‘Steady Diet’ of Real Estate ETFs Can Help Boost Yield
November 6th 2012 at 8:29am by Tom Lydon
Yield is the name of the game for exchange traded fund investors these days. Interest rates are low and many asset classes that usually supply a decent yield have gone lower, causing investors to seek income in unusual areas of the market. REITs, or real estate investment trusts, have managed to fill one of the gaps for income seekers.
“Unlike equities, income-generating real estate has some inflation-hedging qualities because property prices move in line with inflation and nonsticky rents can change as needed. Equity REITs are much more stable than their mortgage REIT cousins, but investors should not be lulled into a false sense of security. REITs are still equities, and not a higher-yielding alternative to low-risk investments. Over the past three years, REITs have been slightly more volatile than the S&P 500,” Abby Woodham wrote for Morningstar.
After the housing market crash of 2008, investors have been slow to dip their toes into the real estate asset class. However, this area of the market is known for high yields currently, and with the housing market turning around, it is looking more and more attractive. Solid dividend payouts are the biggest payoffs for investing in REITs, which deliver 90% of annual taxable income to shareholders, reports Eric Dutram for Zacks. [REIT ETFs to Play Higher Rents]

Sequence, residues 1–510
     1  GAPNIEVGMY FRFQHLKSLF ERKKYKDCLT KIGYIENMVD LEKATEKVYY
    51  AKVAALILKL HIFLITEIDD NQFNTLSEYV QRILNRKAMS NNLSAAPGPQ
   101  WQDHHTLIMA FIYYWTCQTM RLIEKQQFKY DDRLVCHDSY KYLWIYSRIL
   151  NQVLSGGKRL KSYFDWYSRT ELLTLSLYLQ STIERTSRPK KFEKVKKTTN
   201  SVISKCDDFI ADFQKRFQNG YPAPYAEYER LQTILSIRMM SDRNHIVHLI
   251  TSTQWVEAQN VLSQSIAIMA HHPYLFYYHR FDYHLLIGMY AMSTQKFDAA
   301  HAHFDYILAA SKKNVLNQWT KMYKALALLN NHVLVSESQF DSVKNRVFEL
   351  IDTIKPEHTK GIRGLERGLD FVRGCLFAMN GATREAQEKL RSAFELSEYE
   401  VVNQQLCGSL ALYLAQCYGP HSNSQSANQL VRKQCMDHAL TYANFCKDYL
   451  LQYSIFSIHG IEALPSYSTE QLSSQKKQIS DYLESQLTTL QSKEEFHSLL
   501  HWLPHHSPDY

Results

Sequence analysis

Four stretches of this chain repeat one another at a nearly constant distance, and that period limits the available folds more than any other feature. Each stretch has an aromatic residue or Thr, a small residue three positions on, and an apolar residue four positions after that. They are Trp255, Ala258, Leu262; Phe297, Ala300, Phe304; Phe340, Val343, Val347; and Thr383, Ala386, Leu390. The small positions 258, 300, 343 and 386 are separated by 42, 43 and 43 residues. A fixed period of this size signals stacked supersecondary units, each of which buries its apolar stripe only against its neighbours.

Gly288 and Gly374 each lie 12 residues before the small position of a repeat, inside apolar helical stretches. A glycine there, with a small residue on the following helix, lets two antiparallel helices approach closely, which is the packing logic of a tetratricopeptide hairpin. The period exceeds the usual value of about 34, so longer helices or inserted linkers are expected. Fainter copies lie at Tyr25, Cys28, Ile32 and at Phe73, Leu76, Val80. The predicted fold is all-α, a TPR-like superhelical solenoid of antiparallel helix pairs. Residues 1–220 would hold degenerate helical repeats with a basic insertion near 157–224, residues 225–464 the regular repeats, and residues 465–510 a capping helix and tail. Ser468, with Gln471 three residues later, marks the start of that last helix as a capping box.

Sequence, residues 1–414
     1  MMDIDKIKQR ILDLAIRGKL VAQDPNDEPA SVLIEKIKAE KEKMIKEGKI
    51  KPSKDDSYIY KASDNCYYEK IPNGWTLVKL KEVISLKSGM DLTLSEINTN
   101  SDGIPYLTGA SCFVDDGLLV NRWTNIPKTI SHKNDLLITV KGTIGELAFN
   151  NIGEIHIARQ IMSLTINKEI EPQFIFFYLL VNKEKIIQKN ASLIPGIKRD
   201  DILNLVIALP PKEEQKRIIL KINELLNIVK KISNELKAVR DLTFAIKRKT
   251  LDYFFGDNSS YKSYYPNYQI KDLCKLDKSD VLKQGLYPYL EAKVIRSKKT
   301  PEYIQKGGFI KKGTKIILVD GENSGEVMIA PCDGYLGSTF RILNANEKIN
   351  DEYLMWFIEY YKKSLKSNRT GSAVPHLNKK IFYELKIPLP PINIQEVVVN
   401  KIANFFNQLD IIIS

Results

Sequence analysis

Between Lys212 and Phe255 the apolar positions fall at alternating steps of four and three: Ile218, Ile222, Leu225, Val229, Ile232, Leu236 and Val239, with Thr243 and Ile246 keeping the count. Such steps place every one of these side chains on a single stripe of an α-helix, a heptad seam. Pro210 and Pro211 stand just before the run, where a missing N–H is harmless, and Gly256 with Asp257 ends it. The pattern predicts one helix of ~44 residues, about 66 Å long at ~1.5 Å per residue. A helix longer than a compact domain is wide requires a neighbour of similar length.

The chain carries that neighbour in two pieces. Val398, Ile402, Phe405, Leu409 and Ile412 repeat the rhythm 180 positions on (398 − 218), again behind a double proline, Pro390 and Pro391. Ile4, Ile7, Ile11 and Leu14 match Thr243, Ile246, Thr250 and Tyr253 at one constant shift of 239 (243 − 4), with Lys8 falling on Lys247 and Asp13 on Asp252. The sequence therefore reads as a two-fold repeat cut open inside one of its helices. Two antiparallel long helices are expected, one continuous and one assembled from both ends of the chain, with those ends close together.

“Despite vacillation in stock markets, investors haven’t lost their appetite for a steady diet of real estate,” says Jeff Tjornehoj, a Lipper analyst, in the report.
The most-popular REIT ETF, Vanguard REIT Sector ETF (NYSEArca: VNQ), which yields 3.26%, has returned 12% this year. The fund has returned an annual 20.4% over the past three years, compared to the broad market SPDR S&P 500 (NYSEArca: SPY) up 13% for the same time period, according to Morningstar data. [REIT ETFs Attract Income Hunters]
Investors need to keep in mind that high levels of inflows and rising prices do make REITs less attractive, and the diversification benefits that REITs historically provided have become diluted. Recently, REITs have become more correlated with the equity market, reports Murray Coleman for The WSJ. [Dividend, REIT and High-Yield ETFs For Income]
As more investors become interested in the REIT asset class, the overall sentiment is that the diversification benefits and income yield are still healthy enough to keep an allocation of this asset class within a portfolio.
Other REIT ETFs:
- iShares Dow Jones U.S. Real Estate Index Fund (NYSEArca: IYR) yields 3.27%
- SPDR Dow Jones ETF (NYSEArca: RWR) yields 3.09%
- iShares FTSE NAREIT Residential Capped Index Fund (NYSEArca: REZ) yields 3.26%
Vanguard REIT Sector ETF
Tisha Guerrero contributed to this article.
The opinions and forecasts expressed herein are solely those of Tom Lydon, and may not actually come to pass. Information on this site should not be used or construed as an offer to sell, a solicitation of an offer to buy, or a recommendation for any product.